Steadman, CD, Razvi, NA, Snell, KIE, Kuijer, JPA, van Rossum, AC and McCann, GP (2011) Comparison and reproducibility of standard and high temporal resolution myocardial tissue tagging in patients with severe aortic stenosis. Journal of cardiovascular magnetic resonance : official journal of the Society for Cardiovascular Magnetic Resonance, 13 (S1). P311 - P311. ISSN 1097-6647

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The aim of this study was to compare and assess the reproducibility of left ventricular (LV) circumferential peak systolic strain (PeakEcc) and strain rate (SR) measurements using standard and high temporal resolution myocardial tissue tagging in patients with severe aortic stenosis (AS).

Myocardial tissue tagging with cardiac magnetic resonance (CMR) can be used to quantify strain and SR, however, there are little data on the reproducibility. Diastolic SR may be of particular interest as it may be the most sensitive marker of diastolic dysfunction often occurring early in the course of disease.

Eight patients with isolated severe AS without obstructive coronary artery disease were prospectively enrolled. They underwent CMR in a 1.5T scanner (Siemens Avanto) on two separate occasions, median interval 12 days. Complementary tagged (CSPAMM) images were acquired with both a single breath-hold (SBH: temporal resolution 42ms), and a multiple brief expiration breath-hold (MBH: high temporal resolution 17ms) sequence. Mid-wall PeakEcc was measured in the LV at mid-ventricular level with HARP Version 2.7 (Diagnosoft, USA). SR was calculated from the strain data; SR=Ecc2-Ecc1/Time2-Time1. PeakEcc , peak systolic and diastolic SR were read from curves of strain and SR against time. The MBH SR curves were filtered with a moving average (MA) to reduce noise sensitivity, results from a sample width of three and five were examined. Differences between SBH and MBH were assessed using Wilcoxon signed-rank test as not all measures were normally distributed. Reproducibility assessments were carried out on all techniques.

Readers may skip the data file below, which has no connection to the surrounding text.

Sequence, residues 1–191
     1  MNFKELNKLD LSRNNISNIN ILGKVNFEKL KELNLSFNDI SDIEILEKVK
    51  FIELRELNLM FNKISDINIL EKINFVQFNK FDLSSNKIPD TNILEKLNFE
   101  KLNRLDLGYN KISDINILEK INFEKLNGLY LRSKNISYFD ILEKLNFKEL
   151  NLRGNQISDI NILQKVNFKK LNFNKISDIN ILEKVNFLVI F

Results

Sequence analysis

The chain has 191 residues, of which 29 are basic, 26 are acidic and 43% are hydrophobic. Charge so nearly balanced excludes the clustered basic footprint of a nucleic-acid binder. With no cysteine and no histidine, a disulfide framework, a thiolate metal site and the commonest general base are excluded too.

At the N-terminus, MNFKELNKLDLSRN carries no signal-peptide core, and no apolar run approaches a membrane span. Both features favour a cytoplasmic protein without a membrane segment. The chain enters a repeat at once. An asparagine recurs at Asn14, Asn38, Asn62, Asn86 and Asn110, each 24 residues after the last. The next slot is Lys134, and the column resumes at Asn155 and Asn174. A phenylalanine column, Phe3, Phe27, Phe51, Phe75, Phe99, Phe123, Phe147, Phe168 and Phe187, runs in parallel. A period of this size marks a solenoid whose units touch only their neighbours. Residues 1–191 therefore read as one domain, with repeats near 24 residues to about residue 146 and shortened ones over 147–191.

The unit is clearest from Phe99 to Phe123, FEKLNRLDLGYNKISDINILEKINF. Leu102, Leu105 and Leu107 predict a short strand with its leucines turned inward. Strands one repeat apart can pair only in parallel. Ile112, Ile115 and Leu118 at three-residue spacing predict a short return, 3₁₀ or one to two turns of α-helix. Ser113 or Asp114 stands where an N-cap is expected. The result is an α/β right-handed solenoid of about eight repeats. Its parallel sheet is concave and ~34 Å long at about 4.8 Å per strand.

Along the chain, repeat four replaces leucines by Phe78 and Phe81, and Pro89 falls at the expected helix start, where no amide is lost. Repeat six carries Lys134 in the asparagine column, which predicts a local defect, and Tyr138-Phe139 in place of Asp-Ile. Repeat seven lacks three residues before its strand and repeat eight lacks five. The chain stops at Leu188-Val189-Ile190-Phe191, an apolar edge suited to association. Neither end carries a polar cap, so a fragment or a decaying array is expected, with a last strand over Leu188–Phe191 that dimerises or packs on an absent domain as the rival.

PeakEcc was significantly higher with MBH vs. SBH, but reproducibility was slightly worse. Results are summarised in Table 1. Systolic SR was approximately equal with all techniques although MBH using MA of five led to a borderline significant reduction. Diastolic SR was higher when measured with MBH although only significant using MA of three. Systolic and diastolic SR measures were more reproducible with MBH compared with SBH, except for the diastolic SR using MA of three, which was substantially worse. Strain and SR curves for the same patient are shown in Figure 1.

Item Type: Article
Additional Information: This article is published under license to BioMed Central Ltd. This is an open access article distributed under the terms of the Creative Commons Attribution License (, which permits unrestricted use, distribution, and reproduction in any medium, provided the original work is properly cited.
Subjects: R Medicine > RC Internal medicine > RC666 Diseases of the circulatory (Cardiovascular) system
Divisions: Faculty of Medicine and Health Sciences > School of Primary, Community and Social Care
Depositing User: Symplectic
Date Deposited: 03 Mar 2021 10:35
Last Modified: 03 Mar 2021 10:35

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